Now with the technology to tell an effective story, Disney simply needed storytellers that could execute these tools correctly. Luckily, after the World’s Fair ended, two of Walt’s greatest storytellers were now available for the mansion. Marc Davis, known for his brilliant animation of Cinderella, Maleficent, Cruella De Vil, Tinker Bell, and more, was brought onto the project for design, especially in regards to the characters. After his concepts for Pirates of the Caribbean proved so crucial to its success, Walt wanted him to help guide this new masterpiece. At the same time, Claude Coats, a Disney background painter who was known for designing many of Fantasyland’s famous storybook rides and providing the layout for Pirates of the Caribbean, was brought in for his familiarity with the spookier aspects of fairy tales.

However, there was one problem with this dynamic duo; both had completely different ideas for what the Haunted Mansion’s tone should be. Marc wanted the mansion to be funny and lighthearted, believing that a real haunted house would be too scary for a family establishment like Disneyland. On the other hand, Claude Coats believed that you shouldn’t even make a “haunted house” attraction in the first place without making it scary. The two conflicting ideologies became a temporary problem, so much so that Walt was forced to bring in a third party to reconcile the two of them.

Walt knew exactly who to call; good ol’ X!

Xavier ‘X’ Atencio was an animator at the studio in whom Walt saw something very special. Even though Atencio had never written a script before, Walt thought he would be good at it, and had him assigned as the lead writer on Pirates of the Caribbean. Walt’s insight would prove prophetic as that ride became what many consider to be the greatest ride in theme park history, and Atencio’s lyrics for “Yo Ho, Yo Ho, A Pirate’s Life for Me” would be sung around the world; remembered by thousands to this day! Walt thought Atencio might be able to pull it off again with the Haunted Mansion.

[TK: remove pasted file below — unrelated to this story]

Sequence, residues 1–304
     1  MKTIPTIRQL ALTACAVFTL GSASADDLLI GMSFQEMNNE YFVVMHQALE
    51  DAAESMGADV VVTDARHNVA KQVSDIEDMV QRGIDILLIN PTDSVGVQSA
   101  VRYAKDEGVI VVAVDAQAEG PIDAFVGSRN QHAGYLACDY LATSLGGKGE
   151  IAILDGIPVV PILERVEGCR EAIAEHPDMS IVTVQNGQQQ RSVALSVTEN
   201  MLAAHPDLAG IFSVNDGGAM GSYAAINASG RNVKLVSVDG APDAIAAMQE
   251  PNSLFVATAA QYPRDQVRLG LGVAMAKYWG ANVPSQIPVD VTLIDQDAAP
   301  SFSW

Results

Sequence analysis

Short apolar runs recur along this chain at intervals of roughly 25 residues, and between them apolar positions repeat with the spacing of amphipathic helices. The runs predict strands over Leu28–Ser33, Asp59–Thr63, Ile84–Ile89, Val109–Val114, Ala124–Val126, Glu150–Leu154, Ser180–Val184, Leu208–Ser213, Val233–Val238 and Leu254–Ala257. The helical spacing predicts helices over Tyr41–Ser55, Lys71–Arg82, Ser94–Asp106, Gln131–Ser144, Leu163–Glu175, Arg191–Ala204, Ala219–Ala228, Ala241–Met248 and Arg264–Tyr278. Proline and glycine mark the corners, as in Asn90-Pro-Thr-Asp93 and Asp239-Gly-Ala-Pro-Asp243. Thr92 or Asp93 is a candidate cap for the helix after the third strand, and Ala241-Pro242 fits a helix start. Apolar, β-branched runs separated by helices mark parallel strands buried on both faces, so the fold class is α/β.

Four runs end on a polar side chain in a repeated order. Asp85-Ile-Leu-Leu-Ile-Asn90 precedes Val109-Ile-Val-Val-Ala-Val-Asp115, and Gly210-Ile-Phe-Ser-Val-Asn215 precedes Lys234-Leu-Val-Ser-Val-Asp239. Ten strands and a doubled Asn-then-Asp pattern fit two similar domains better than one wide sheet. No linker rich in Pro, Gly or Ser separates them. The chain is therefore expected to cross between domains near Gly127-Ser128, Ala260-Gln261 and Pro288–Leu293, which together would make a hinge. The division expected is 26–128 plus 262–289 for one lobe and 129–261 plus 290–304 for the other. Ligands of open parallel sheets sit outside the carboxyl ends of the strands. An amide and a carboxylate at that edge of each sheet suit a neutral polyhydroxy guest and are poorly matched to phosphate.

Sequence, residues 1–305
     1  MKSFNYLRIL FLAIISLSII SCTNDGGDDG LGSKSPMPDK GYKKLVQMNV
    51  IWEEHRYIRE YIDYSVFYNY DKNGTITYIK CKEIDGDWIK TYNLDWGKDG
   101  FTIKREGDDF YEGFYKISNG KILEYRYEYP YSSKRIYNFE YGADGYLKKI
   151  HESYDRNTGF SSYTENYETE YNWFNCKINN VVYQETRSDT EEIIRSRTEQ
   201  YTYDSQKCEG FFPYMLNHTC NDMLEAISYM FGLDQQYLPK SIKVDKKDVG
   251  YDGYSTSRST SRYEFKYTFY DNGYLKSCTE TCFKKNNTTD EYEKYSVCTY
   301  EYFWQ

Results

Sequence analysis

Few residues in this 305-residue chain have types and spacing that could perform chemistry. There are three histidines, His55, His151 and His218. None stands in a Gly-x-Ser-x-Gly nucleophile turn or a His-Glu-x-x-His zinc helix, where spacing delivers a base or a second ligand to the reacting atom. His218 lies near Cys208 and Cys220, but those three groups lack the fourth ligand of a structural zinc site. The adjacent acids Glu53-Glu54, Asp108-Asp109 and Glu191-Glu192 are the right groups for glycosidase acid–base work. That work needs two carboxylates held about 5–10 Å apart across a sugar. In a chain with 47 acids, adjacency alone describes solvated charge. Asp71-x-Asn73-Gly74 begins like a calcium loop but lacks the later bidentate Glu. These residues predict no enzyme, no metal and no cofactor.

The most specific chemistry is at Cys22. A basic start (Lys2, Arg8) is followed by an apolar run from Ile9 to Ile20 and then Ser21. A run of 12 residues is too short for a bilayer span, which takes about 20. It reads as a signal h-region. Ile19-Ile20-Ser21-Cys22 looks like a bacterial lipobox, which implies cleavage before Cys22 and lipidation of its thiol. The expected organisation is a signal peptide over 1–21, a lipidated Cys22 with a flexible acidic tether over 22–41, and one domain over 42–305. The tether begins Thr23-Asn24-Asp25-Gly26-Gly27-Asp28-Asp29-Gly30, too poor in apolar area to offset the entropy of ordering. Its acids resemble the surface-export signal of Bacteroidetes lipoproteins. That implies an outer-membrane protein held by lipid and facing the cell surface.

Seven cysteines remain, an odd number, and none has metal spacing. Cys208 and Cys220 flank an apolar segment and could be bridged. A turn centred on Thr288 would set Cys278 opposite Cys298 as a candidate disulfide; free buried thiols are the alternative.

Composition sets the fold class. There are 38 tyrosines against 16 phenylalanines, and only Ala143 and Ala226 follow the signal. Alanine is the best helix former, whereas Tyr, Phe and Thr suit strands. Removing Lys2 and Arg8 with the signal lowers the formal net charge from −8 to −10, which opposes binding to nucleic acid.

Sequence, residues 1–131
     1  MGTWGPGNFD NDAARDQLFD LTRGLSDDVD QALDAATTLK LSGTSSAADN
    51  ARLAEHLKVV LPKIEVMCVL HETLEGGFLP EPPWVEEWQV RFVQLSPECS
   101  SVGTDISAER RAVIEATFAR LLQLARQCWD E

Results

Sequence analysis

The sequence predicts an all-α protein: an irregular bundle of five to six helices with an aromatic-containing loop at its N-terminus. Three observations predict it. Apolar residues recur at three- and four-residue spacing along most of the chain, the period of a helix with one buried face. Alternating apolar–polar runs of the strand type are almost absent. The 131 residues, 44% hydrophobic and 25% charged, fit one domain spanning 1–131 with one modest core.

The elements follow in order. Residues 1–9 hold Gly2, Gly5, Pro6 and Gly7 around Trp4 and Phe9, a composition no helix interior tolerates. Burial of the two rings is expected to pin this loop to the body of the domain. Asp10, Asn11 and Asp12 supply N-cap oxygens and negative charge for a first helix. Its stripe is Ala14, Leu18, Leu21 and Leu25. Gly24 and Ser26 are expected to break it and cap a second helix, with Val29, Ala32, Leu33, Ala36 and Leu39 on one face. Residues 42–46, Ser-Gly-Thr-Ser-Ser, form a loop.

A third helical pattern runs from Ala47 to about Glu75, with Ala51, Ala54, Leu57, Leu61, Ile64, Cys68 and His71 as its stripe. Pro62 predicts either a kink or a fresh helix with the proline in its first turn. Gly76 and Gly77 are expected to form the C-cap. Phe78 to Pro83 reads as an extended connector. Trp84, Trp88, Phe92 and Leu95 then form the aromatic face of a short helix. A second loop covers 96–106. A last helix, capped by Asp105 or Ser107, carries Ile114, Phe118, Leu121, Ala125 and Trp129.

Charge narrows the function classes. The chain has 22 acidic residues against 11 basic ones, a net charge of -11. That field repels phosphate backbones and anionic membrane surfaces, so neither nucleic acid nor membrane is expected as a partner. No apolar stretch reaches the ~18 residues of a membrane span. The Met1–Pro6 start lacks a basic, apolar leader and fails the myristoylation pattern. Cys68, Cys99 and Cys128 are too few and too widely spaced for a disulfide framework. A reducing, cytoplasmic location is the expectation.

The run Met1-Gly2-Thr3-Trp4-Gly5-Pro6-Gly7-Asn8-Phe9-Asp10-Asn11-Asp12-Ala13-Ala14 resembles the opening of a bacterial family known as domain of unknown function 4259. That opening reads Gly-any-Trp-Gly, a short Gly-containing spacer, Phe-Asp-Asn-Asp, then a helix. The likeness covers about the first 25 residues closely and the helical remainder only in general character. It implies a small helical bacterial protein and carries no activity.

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X Atencio at work on a Winnie the Pooh feature

Again, Walt Disney was right! Atencio managed to somehow juggle Claude Coats dark tones with Marc Davis’s silly characters and create a script that balanced the macabre with the satirical. After a few drafts, a final story focusing on that “retirement home for happy haunts” was approved. This final draft would tie together separate side-stories based on Marc Davis’s unforgettable characters under one sinister-looking roof of Claude Coat’s design. Finally, the Haunted Mansion had the story it deserved, and although Walt never got to see the finished product due to his untimely passing in late 1966, the ride would have made him proud. The Haunted Mansion opened to critical acclaim in 1969 and has been entertaining guests for 50 years!

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It may have taken over 15 years to create, but it was worth it! And with 999 happy haunts to visit, you’ll want to hurry back again and again! After all, there’s room for a thousand… Any volunteers?

WANT MORE DISNEY HISTORY?:

Peter Pan

EPCOT

Splash Mountain

It’s A Small World

Alice in Wonderland

The Original Story of Han Solo!

The Original Story of Han Solo!

Why Fans Hate Solo: A Star Wars Story